Going Green, Top British Climate Lab Sends Only Three Scientists to U.S. Meeting

Eli is a contributing correspondent for Science magazine.

SAN FRANCISCO, CALIFORNIA—The U.K. Met Office includes hundreds of the world's most prominent experts in weather, climate, and atmospheric science. But only three of them came across the Atlantic and the continental United States to this week's American Geophysical Union meeting here after officials decided to make a personal statement about the need to cut global greenhouse gas emissions.

"They're discouraging us from flying," said Met Office research scientist Benjamin Davenish, who says he supports scientists' efforts to cut their carbon footprint. "I'm not sure about [the policy.] It's a tricky situation, because you can't replace face-to-face contact."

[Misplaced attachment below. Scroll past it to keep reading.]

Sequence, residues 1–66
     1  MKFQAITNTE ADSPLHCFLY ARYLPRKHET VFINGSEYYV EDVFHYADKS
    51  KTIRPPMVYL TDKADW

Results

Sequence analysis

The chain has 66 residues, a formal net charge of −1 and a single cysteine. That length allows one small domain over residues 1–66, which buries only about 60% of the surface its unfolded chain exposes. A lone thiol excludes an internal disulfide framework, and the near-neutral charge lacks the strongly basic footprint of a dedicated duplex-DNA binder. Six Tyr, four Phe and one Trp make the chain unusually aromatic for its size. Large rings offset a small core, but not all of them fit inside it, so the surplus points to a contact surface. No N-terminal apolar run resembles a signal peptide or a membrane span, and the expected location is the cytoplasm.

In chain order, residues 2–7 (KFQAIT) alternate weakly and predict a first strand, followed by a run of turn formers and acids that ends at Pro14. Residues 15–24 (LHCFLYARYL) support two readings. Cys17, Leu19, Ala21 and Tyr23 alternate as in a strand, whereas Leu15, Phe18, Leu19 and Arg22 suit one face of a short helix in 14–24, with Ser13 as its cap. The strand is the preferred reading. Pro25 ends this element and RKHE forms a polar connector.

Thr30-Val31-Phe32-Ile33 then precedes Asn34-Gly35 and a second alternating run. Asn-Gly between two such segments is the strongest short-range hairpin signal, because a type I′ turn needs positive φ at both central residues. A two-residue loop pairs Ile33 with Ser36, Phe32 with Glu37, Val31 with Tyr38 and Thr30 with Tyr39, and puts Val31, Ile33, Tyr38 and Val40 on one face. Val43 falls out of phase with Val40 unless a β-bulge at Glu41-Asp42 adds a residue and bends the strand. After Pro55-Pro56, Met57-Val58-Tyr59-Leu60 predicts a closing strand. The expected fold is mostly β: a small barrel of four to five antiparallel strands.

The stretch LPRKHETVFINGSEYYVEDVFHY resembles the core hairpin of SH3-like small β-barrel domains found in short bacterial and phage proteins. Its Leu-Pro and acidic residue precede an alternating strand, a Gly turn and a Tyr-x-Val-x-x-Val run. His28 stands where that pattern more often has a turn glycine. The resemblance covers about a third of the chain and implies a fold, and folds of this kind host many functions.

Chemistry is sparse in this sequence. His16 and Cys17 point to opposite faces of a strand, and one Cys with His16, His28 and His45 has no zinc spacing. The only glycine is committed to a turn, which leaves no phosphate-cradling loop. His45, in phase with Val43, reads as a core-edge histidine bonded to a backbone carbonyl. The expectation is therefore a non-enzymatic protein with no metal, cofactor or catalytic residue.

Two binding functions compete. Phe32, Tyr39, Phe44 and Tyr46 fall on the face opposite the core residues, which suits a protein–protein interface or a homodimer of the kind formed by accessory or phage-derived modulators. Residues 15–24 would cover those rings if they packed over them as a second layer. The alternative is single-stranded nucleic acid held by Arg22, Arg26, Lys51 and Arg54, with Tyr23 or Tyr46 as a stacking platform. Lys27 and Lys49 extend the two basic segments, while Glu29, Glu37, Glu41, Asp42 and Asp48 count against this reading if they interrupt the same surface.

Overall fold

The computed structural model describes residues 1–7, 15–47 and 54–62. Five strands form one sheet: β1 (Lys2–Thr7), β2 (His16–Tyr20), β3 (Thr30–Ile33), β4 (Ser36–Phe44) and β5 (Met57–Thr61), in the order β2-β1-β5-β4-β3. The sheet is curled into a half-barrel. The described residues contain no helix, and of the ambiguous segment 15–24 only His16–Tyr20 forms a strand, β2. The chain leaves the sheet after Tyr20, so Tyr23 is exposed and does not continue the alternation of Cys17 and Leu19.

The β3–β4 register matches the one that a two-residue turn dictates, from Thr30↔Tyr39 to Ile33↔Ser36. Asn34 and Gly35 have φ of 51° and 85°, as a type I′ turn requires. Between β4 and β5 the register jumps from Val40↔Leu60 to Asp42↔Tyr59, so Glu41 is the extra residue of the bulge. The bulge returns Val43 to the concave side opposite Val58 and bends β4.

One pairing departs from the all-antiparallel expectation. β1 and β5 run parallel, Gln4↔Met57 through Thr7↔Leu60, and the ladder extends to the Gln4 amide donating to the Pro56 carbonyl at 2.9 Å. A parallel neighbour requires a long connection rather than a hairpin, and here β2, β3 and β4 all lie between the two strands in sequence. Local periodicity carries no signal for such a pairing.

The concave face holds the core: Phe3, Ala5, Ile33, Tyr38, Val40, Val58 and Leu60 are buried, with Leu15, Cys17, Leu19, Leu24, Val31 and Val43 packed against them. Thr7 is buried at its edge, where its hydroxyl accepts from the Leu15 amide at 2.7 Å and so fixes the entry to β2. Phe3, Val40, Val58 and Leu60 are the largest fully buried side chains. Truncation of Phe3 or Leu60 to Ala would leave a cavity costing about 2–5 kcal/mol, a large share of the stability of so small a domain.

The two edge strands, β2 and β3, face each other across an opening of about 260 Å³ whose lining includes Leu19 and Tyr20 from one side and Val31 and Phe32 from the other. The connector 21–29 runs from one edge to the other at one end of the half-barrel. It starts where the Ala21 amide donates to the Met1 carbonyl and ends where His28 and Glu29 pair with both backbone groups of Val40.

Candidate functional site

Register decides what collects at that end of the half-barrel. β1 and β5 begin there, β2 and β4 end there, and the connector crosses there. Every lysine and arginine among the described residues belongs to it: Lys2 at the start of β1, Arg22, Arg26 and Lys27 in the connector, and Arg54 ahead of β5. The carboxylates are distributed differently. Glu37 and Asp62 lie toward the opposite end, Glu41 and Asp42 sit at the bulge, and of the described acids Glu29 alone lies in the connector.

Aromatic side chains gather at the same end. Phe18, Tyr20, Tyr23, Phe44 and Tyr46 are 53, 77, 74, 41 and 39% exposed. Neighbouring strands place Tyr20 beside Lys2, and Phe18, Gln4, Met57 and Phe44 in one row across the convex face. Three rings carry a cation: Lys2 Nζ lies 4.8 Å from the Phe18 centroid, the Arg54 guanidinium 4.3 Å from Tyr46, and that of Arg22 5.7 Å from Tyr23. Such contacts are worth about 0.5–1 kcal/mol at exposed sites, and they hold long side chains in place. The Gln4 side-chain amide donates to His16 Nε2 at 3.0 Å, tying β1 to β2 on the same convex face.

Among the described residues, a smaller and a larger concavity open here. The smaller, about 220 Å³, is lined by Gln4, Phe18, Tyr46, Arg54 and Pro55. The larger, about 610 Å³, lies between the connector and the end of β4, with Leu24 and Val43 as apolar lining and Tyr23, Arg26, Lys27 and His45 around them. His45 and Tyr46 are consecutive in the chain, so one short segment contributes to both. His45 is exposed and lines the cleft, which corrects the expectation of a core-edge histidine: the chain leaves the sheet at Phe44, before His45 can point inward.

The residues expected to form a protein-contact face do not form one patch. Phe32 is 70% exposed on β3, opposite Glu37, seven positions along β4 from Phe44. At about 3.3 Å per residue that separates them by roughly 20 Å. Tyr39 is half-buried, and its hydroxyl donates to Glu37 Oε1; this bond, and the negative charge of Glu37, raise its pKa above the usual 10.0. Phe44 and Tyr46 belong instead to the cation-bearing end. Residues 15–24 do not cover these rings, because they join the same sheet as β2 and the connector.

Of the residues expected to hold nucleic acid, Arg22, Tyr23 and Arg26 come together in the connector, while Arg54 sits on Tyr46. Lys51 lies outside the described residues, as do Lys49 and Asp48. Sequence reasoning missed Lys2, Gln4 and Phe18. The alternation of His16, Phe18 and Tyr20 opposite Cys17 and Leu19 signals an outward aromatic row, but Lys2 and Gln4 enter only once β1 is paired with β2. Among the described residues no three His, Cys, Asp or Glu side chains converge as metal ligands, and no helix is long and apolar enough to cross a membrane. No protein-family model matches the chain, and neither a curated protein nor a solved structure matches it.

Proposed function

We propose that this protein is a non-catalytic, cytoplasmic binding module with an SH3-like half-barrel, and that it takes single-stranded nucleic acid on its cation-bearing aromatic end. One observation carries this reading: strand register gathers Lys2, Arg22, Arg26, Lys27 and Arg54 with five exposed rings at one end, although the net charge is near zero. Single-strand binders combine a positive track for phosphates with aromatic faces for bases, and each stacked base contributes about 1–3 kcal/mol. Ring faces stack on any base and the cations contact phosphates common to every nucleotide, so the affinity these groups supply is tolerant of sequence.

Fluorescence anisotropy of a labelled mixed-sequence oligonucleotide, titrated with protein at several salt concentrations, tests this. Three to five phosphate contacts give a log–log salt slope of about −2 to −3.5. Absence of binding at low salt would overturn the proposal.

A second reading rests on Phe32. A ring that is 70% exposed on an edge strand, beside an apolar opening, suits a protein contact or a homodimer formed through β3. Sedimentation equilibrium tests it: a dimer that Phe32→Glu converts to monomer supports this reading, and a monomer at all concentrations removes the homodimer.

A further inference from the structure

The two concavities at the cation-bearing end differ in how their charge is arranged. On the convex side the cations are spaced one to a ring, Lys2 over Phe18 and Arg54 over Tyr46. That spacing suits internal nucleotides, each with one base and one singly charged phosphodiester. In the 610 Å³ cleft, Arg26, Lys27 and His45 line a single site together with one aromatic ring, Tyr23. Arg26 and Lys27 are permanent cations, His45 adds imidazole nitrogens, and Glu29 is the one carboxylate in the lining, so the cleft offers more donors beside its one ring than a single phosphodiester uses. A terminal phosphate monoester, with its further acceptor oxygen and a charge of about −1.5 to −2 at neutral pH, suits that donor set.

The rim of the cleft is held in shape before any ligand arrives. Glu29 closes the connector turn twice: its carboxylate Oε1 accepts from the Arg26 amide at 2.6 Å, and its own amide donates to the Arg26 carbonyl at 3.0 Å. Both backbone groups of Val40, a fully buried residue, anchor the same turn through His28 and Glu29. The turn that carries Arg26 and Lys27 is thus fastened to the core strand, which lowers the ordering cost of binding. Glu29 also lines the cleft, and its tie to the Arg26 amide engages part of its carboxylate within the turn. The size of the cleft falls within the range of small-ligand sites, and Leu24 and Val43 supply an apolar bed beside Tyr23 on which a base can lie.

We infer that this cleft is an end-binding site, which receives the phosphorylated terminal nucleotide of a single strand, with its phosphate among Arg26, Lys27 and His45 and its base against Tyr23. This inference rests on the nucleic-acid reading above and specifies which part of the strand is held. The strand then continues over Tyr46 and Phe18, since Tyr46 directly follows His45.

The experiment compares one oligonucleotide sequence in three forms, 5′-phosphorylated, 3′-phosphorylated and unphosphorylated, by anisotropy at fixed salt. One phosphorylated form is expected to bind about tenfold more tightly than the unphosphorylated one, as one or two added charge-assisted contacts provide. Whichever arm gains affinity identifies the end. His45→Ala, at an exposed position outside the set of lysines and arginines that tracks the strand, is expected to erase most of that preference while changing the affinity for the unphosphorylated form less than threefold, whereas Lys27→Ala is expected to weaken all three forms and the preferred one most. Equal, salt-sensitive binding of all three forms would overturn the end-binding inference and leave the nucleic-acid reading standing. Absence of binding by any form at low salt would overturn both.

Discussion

Met Office spokesman Barry Grommet says the policy stems from the fact that "we have yearly targets for environmental impact." Grommet says "it's not an edict that's been delivered to us from on high. We've taken it on ourselves."

The meeting's 18,000 participants do create a significant carbon footprint, acknowledges AGU Executive Director Christine McEntee. That's why the society is hoping that future meetings will permit off-site participation through video and other technologies. Cutting the environmental impact of travel to the meeting, she said, is "something we've got on our radar."

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